In order to survive this two year experience, I knew I'd have to become my own best friend, motivator, inspiration, nurturer, and support system 24/7. And I’d have to maintain some seriously grounding rituals; from filling my journal with words as they poured from my heart uncensored, to working out six days per week. I knew I'd have to stay rooted in my body and my emotions in order to maintain a positive mindset in this challenging new lifestyle.
While the idea of living in a big house with a group of thirteen strangers conjured up images The Real World, the reality was, no one ever stopped being polite. There were no episodes of binge drinking or drunken brawls, roommate roulette or random hook-ups, cat fights or salacious scandals. Well, at least not that I was aware of.
Okay, so I was lonely. I missed my city. I missed my tribe. I missed my creature comforts. But, hey, I'm adaptable. My new intention was to fall in love with my new life in this isolated paradise and embrace every ounce of this unique expat experience; including my new Spa career at five-star resort in the Caribbean.
Solitude feels like an uninvited guest. She's this big ol' annoying pest that's hard to shake as she stomps through my head with her loud-ass megaphone blasting my each and every thought with a deafening echo as a constant reminder of my mindset. "I'm bored". "I'm lonely". "I'd rather be in NYC".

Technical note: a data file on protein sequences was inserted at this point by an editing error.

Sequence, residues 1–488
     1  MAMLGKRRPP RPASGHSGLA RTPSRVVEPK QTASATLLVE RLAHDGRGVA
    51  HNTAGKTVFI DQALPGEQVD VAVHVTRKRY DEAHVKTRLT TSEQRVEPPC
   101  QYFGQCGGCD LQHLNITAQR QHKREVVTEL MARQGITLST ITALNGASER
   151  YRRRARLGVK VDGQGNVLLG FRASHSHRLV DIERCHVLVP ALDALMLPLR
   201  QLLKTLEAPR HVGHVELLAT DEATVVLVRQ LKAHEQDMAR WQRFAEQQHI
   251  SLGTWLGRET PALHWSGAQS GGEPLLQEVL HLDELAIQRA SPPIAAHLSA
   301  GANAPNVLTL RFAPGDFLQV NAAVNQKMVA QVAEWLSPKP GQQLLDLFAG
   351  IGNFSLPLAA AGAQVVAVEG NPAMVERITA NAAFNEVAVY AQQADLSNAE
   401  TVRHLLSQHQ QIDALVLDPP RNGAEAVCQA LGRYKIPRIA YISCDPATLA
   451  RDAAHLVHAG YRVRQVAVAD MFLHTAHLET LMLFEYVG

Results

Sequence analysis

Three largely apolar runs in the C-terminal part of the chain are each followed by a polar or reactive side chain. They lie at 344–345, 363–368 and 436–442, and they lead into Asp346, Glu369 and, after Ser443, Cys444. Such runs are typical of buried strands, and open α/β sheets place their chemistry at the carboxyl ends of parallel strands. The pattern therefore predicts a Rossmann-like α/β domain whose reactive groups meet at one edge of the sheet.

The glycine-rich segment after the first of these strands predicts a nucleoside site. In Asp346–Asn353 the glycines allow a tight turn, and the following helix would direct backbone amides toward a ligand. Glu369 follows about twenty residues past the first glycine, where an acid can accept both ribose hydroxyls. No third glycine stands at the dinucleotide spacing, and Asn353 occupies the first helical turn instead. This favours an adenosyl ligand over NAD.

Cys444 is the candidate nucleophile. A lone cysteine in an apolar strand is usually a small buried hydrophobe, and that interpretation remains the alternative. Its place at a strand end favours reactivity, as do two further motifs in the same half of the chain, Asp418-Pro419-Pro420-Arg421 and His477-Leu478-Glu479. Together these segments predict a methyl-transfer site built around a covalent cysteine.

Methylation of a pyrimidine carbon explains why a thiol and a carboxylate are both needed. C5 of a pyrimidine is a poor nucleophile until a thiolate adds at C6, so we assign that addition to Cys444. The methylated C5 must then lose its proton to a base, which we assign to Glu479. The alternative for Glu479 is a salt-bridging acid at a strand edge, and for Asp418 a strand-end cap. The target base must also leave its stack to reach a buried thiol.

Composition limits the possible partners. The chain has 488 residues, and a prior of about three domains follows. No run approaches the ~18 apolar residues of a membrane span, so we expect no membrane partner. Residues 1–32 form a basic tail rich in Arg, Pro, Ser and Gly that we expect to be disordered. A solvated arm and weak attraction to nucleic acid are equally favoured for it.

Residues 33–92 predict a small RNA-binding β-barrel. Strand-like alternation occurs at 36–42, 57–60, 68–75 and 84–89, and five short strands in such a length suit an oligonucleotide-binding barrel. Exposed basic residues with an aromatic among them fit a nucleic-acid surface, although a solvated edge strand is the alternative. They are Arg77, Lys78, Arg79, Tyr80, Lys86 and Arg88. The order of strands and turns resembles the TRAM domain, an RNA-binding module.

This perfect paradise is now my home. Every day I try to let that soak in even though it seems to defy all sorts of logic. I'm a city girl, after all. A jaded New Yorker. Ok, I'm originally from a small college-town in Massachusetts but had an instant love affair with the Big Apple starting at age thirteen when I started spending summers training at the Dance Theater of Harlem and Alvin Ailey School of Dance.
My fresh blowout went wild with the wind as I gazed from behind my sunglasses at the technicolor turquoise water. I was mesmerized by the wake behind the boat which reminded me of elaborate Busby Berkeley choreography and the ever-changing kaleidoscope of memories that trailed behind me like bygone eras.
It felt like Mr. Weird Science was holding my hand every step of the way; right up until my one-way flight to Turks & Caicos where I'd become the Pilates/Fitness Instructor on a private resort island. For months, he patiently listened to all the stories I concocted about how moving to a remote Caribbean island with a population of three hundred would be an abysmal experience fraught with boredom and loneliness.
The ground was shifting beneath me again. I may be a "spiritual gangster" and shit, but my mind was still filled with uncertainty and my bones ached with the threat of loneliness which I knew would only intensify over the next two years while living on a private resort island in the Caribbean with a population of three hundred.
When I think about it, making the seemingly impulsive decision to drop everything, uproot my life, and start from scratch somewhere new is kinda my M.O. As much as I squawk about my need to feel grounded, moving to Turks & Caicos marks the third time in my adult life that I’ve done just that. So I had to ask myself “Am I just a spiritual wimp?”
I signed the dotted line and the next few months were a chaotic mess of fear, numbness and denial mixed with the excitement of possibility. The idea of uprooting my life in such a big way seemed like pure fiction. How could I possibly be the protagonist of such a crazy adventure where one rids themselves of all their worldly possessions, says goodbye to friends and family, their favorite creature comforts; and moves to a private island for the next two years of her life?